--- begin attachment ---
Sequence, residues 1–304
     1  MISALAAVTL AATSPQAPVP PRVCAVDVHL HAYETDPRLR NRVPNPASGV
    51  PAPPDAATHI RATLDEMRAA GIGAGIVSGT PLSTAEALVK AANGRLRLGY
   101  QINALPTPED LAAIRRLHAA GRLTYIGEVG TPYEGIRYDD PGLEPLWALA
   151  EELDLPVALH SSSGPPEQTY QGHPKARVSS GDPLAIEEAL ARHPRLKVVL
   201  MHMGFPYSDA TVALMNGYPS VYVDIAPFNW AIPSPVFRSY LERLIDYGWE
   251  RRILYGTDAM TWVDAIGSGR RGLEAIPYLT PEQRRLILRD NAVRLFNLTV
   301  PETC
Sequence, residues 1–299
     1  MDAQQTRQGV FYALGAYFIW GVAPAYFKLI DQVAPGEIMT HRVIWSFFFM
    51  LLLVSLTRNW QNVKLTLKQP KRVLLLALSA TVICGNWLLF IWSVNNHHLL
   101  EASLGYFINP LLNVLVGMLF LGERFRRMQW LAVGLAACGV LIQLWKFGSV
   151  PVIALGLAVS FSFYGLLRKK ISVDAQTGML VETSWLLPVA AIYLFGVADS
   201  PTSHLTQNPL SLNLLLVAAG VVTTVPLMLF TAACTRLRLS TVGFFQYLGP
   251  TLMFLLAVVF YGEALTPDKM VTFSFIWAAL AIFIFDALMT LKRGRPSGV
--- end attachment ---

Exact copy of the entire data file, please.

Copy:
Sequence, residues 1–304
     1  MISALAAVTL AATSPQAPVP PRVCAVDVHL HAYETDPRLR NRVPNPASGV
    51  PAPPDAATHI RATLDEMRAA GIGAGIVSGT PLSTAEALVK AANGRLRLGY
   101  QINALPTPED LAAIRRLHAA GRLTYIGEVG TPYEGIRYDD PGLEPLWALA
   151  EELDLPVALH SSSGPPEQTY QGHPKARVSS GDPLAIEEAL ARHPRLKVVL
   201  MHMGFPYSDA TVALMNGYPS VYVDIAPFNW AIPSPVFRSY LERLIDYGWE
   251  RRILYGTDAM TWVDAIGSGR RGLEAIPYLT PEQRRLILRD NAVRLFNLTV
   301  PETC
Sequence, residues 1–299
     1  MDAQQTRQGV FYALGAYFIW GVAPAYFKLI DQVAPGEIMT HRVIWSFFFM
    51  LLLVSLTRNW QNVKLTLKQP KRVLLLALSA TVICGNWLLF IWSVNNHHLL
   101  EASLGYFINP LLNVLVGMLF LGERFRRMQW LAVGLAACGV LIQLWKFGSV
   151  PVIALGLAVS FSFYGLLRKK ISVDAQTGML VETSWLLPVA AIYLFGVADS
   201  PTSHLTQNPL SLNLLLVAAG VVTTVPLMLF TAACTRLRLS TVGFFQYLGP
   251  TLMFLLAVVF YGEALTPDKM VTFSFIWAAL AIFIFDALMT LKRGRPSGV